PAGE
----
Players have the opportunity to race in several game modes as three different classes of characters. Adventure mode serves as the game’s story mode. Story mode in a racer? Weird, right? There are cut scenes between each of the races which can be skipped as you please to get right to the action. Each chapter has single races, grand prix races (4 races in total) and challenge events like drifting for points or collecting the most coins. Events will have bonuses for completing a certain task and they generally reward a key or go towards the three stars that can be earned. Other modes of play include online multiplayer and local multiplayer where you can create custom events choosing track, difficulty, total racers, etc. Players have the choice of twelve characters separated by three classes: speed, technique and power. Speed characters are the fastest at the expense of handling and defense but gain a special ability that can grant a temporary shield. Technique drivers can drive over terrain that would otherwise slow down the other racers and power drivers can take more of a beating before spinning out.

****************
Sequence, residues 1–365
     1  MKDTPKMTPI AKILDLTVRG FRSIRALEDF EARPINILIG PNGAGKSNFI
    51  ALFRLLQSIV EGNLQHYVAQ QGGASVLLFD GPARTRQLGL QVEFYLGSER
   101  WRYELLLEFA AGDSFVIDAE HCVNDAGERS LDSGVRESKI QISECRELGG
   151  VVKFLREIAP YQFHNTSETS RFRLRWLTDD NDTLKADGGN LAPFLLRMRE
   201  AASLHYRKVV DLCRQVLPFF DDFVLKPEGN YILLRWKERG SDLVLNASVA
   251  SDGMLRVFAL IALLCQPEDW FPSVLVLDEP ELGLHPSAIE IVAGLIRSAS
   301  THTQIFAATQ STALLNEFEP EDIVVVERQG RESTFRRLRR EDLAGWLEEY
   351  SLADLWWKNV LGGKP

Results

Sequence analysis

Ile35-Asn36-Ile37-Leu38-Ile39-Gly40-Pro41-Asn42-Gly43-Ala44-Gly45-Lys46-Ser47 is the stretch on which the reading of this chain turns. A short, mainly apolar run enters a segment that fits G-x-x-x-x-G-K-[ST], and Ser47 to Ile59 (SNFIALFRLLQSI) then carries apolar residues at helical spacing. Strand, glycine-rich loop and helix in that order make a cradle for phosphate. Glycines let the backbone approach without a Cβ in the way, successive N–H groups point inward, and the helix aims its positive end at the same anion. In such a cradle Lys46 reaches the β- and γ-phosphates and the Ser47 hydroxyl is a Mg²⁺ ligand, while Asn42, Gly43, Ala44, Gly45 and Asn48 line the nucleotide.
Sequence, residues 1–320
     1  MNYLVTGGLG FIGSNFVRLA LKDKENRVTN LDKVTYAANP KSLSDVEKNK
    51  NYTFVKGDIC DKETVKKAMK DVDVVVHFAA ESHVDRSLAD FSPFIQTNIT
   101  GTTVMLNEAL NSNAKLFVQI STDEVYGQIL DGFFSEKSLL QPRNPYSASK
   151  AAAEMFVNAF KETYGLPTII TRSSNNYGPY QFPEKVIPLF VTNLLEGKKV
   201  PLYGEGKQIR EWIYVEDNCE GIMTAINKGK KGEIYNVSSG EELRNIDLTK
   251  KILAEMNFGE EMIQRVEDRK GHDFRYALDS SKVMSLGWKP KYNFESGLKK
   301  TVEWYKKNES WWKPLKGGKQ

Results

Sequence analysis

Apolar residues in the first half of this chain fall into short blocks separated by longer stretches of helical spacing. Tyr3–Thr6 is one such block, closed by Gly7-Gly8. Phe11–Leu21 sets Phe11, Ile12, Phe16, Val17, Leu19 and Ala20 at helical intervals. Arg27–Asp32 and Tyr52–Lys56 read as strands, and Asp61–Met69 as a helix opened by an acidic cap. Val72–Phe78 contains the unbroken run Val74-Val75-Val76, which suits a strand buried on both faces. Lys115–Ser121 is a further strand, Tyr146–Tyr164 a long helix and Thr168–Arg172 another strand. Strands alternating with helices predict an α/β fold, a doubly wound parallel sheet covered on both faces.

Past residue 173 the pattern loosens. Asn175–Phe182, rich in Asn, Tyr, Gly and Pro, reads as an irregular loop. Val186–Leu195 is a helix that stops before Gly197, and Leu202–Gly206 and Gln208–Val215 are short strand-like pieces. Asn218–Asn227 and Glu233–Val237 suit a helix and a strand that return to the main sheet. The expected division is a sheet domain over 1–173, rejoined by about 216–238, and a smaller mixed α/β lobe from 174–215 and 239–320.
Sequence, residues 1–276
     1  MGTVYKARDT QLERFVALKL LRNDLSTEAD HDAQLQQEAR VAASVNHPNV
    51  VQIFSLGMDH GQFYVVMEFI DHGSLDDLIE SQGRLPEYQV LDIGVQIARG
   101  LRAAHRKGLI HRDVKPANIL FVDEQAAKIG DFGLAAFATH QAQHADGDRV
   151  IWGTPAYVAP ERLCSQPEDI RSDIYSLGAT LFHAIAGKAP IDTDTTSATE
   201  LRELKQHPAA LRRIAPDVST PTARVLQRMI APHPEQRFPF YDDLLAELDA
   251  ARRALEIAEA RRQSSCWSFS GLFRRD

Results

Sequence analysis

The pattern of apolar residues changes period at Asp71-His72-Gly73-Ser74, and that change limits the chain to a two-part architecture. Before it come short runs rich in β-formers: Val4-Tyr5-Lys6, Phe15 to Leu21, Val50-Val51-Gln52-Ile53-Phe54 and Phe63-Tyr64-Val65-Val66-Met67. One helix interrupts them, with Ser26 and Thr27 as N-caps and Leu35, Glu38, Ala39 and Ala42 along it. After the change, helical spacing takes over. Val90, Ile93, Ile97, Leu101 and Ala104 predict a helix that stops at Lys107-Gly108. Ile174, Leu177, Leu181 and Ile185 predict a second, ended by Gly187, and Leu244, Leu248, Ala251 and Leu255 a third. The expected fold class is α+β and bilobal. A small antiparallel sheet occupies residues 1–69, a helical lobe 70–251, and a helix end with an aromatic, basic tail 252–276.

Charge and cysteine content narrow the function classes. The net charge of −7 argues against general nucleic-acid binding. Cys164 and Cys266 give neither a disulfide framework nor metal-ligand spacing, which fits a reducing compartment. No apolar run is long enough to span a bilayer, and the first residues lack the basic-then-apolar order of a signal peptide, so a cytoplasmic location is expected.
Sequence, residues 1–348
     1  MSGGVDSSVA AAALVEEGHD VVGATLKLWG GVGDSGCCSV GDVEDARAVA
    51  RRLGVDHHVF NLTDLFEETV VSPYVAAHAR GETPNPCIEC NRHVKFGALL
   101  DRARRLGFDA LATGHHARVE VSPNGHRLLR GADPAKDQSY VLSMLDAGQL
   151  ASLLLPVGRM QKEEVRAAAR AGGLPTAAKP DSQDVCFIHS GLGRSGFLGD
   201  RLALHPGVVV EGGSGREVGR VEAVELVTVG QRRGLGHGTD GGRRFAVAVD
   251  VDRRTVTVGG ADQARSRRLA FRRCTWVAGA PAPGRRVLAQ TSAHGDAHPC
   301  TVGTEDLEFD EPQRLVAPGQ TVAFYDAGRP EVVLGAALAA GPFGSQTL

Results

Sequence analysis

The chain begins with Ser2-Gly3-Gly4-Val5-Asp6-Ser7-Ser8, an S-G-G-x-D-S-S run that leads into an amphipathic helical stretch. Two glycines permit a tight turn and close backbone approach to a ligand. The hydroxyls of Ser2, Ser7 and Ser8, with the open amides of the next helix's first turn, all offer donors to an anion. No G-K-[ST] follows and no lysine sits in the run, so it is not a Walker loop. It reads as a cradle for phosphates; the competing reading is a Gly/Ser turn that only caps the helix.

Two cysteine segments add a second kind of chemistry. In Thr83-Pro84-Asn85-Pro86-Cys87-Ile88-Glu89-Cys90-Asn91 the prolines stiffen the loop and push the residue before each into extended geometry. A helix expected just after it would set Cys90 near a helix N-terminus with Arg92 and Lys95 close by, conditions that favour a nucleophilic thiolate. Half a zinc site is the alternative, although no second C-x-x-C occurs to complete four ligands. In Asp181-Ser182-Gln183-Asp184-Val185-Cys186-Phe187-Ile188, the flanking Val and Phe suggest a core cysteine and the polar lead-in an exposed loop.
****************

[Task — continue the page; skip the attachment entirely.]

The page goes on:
Team Sonic Racing may just seem like another kart racer in a crowded field. The new team features really set this game apart. I typically play games like this for a few hours and then get bored with them. Like most games, racers are repetitive in nature. Sure, the track changes but a track can only go so far. There is always that part of me that just wants to win (actually finish first) every race but knowing how the team points work, it is a nice relief finishing second but winning and moving on instead of getting burnt out on each race until I win. The ability to switch to a different class of racers adds a nice change of pace when tackling different events. I rarely ever buy games on multiple systems (cross-buy obviously is not included in this). Team Sonic Racing is one of the few games I have given serious thought of purchasing on my Switch. I just simply enjoy playing this game. Available now digitally and in stores for $39.99, this definitely should be on your radar.
I tell Dad jokes much to my wife’s chagrin. Sometimes, I write movie reviews. I love all video games. I am really bad at fighting games. I co-host Nerds Gone Platinum every Tuesday night at 9PM EST at http://www.youtube.com/nerdsgoneplatinum. You can e-mail the show at email@example.com, tweet us at NG_Platinum or call into the show at (929) 333-5762. Check out our instagram page at http://www.instagram.com/nerdsgoneplatinum and join our Discord channel at https://discord.gg/UXYfVtE. I can be found on PSN, Twitter and Instagram at Gimpyjayy and emailed at firstname.lastname@example.org.